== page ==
I The Tribunal. ——— -—— I ANOTHER BATCH OF APPEALS. A meeting of the Borough Tribunal I was held on Thursday evening when the I Mayor (Aid. D. James Davies) presided. Plasterer's Work. I .The case of J. Henry Davies, master plasterer, who had been passed Class C 2, was reviewed. Mr. W. Davies who represented Davies, said his client was a partner with D. J. Griffiths, whose case was to come under review as well. The Tribunal decided to hear both cases together. Davies said the firm had a contract at the Bynea Steelworks, and he only had his partner to assist him, whereas before the war they employed 14 men. Griffiths stated that they also did work for Messrs. Benjamin Howells and Co. and also for Messrs. Richard Thomas and Co. He was in Class C 2, and had four children. Lieut. Ingrams said he would press for one of the men after three months. The Mayor: They are doing work of national importance now. Lieut. Ingrams: It is nice to get walls plastered, but it is not essential after all. The Mayor 1 don't know; you like to have the walls ôihe War Office plastered (laughter). Davies stated that one man could never do the work. The Tribunal granted three months postponement in each case. I Transport Workers. The case of Evan E. Davies (37), trans- port worker in the employ of Nevill Druce Railway and Dock Co. was reviewed. Mr. J. Walter Thomas on behalf of the Company said that Davies was a trans- port worker, and as he devoted 75 per cent. of his time to transport, he was entitled to a protection card. The Deputy Clerk: This man is already in Section R. When the cases of these men were before the Tribunal it was de- cided that even though the Volunteers were mobilised transport workers were not to be taken away. That was the reason why they were placed in Section R. Mr. Mervyn Paton represented Thos. Jenkins, bootmaker, aged 27, who was Classed C 2. The Deputy Clerk: This is a certified occupation. The Tribunal allowed the exemption to continue provided Jenkins joined Sec- tion D of the V.B. Another bootmaker named William Williams (36), who was married with six children, said he was in Class C 3. -e Lieut. Ingrams: Are you prepared to join Section D of the V. B. ? Williams: I cannot find the time. Lieut. Ingrams withdrew his appeal, and exemption was allowed to continue. I A long week-, Frank Thomas (34), married, with four children stted that he was passed Class A, and was employed at the Lakefield Bakery. Lieut. Ingrams: Are you prepared to join the V.B. ? Thomas: I am working over eighty hours a week. The military appeal was dismissed. Can't find substitutes. In the case of Benj. Butcher (-9), a married man with two children, it was stated that ho was employed at the Llan- elly Steelworks, and his protection card 6ha4 been called in. Mr. D. Pearson, who represented the Company, said it was impossible to find substitutes. An application was pending with the Recruiting Area Munitions Office. Adjourned for 14 days. "A funny business." "This is a funny business altogether," said Lieut. Ingrams after perusing a document put in by John Allen Rees, B2, a carpenter at the Llanelly Shell Factory. The Mayor: It shows that he has en- rolled as a War Munitions Worker. Lieut. Ingrams That is not the same as the Army Reserve Munition Workers. I have not seen a document like this be- fore. It was signed by Mr. Lloyd Gearge when he was in the Ministry of Munitions whieh is a long time ago. The Mayor: It is only dated last August. The Town Clerk Where did you get this ? Rees:, At the Labour Exchange. Lieut. Ingrams: We want carpenters. Why not go into the R.F .C. where you would get good wages ? You can bp do- ing the same work in khaki. You do not object to khaki, do you ? Rees: Not at all. Throe months postponement provided Rees joined the V.B. Met with an accident. i When the case of Ni- m. Joaies was called the Deputy Clerk explained that a letter had been received stating that Jones had met with an accident at the Llanelly Steelworks, his foot being badly crushed. Mr. Pearson explained that Jones was in the Hospital, where he would be for a couple of months. The case was adjourned for two months.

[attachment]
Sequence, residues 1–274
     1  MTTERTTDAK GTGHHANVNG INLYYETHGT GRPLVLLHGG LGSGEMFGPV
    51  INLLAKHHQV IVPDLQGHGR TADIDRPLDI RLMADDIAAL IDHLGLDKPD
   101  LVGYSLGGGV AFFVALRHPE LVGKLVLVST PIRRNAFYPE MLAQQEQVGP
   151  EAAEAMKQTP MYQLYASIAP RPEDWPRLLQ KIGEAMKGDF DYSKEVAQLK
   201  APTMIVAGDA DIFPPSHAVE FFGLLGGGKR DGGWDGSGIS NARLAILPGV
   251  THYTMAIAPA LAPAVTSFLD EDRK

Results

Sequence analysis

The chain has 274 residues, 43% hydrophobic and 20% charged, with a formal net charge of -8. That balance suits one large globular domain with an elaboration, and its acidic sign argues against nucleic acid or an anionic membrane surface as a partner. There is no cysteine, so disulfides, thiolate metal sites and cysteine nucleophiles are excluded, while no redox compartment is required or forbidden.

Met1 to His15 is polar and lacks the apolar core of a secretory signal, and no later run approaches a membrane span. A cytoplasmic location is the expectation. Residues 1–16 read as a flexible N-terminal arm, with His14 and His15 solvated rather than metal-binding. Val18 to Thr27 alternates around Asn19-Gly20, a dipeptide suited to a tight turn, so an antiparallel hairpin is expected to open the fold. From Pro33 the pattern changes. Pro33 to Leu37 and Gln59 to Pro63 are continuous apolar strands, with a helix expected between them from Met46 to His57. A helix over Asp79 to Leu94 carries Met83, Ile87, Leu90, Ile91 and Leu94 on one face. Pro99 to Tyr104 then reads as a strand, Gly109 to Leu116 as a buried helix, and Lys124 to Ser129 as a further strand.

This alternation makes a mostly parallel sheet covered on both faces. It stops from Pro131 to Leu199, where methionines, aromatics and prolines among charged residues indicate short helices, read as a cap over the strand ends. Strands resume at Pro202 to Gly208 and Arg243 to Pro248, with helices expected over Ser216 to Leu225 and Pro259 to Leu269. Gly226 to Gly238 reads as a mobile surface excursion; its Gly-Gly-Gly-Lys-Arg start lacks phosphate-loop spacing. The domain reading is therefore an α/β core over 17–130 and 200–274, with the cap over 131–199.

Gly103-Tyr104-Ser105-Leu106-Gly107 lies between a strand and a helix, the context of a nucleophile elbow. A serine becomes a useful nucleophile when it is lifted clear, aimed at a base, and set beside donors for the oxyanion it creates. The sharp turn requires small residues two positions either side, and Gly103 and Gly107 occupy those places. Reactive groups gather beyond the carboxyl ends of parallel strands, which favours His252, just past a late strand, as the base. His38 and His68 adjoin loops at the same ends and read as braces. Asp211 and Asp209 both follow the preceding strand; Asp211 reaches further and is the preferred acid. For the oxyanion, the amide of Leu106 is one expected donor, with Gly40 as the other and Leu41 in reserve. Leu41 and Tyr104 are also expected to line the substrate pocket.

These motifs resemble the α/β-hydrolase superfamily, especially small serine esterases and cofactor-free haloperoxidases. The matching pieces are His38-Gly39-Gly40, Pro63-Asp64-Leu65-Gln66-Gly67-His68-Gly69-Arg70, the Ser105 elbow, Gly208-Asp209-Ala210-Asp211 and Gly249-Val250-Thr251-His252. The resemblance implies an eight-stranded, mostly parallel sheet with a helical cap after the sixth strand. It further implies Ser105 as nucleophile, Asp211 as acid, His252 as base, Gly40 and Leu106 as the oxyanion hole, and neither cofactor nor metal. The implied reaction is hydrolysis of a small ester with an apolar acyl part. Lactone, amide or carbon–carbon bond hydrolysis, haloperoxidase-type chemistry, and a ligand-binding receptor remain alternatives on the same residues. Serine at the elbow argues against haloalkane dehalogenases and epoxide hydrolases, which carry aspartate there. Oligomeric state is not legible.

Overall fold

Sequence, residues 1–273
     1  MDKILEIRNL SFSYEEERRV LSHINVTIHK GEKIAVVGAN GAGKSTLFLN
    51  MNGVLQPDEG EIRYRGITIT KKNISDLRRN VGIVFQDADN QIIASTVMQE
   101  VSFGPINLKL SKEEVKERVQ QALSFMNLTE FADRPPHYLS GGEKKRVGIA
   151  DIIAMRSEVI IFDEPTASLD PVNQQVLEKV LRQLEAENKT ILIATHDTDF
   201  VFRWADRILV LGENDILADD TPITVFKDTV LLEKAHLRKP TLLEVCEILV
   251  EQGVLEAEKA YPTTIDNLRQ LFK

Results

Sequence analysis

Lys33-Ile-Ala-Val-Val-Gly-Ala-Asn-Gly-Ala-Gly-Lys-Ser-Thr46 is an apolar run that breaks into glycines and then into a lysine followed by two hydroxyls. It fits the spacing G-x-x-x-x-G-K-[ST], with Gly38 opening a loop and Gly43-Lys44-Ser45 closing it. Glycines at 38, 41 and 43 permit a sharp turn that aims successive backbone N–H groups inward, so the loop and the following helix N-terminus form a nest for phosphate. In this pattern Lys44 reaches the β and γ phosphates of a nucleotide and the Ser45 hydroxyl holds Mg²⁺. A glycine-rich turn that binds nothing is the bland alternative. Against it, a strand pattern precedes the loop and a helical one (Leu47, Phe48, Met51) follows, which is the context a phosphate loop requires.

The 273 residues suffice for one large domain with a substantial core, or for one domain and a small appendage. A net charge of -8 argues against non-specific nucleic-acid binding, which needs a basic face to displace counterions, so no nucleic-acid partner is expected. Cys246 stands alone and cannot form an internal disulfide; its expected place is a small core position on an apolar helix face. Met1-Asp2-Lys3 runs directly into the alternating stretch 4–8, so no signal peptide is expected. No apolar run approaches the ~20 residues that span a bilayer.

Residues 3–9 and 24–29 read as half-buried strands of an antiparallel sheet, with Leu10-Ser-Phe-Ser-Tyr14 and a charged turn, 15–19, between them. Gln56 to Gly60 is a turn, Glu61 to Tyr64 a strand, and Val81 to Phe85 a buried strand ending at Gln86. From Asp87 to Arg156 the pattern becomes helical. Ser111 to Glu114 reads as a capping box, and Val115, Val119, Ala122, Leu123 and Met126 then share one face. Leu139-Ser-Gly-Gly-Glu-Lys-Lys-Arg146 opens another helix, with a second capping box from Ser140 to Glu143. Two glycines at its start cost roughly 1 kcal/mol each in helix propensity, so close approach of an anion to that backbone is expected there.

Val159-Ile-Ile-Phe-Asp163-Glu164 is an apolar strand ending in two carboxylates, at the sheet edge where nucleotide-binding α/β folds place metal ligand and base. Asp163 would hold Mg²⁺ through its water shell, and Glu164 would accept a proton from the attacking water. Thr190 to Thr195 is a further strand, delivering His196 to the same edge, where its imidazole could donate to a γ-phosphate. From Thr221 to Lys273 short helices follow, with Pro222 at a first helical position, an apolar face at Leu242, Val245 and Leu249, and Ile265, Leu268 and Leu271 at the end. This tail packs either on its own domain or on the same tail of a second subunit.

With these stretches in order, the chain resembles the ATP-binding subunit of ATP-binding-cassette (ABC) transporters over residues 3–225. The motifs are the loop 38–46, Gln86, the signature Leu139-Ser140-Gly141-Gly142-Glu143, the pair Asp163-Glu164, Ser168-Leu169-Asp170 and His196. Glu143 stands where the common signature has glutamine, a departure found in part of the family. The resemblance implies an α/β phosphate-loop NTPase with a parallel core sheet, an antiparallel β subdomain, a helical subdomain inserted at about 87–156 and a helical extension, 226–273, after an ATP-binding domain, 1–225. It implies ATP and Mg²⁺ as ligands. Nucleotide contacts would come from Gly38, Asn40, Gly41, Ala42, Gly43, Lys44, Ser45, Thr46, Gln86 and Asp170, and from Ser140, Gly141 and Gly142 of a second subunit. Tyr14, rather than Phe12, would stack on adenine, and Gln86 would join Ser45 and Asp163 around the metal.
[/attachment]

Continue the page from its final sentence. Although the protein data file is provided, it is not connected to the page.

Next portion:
I Wounded in Palestine.I ——.——t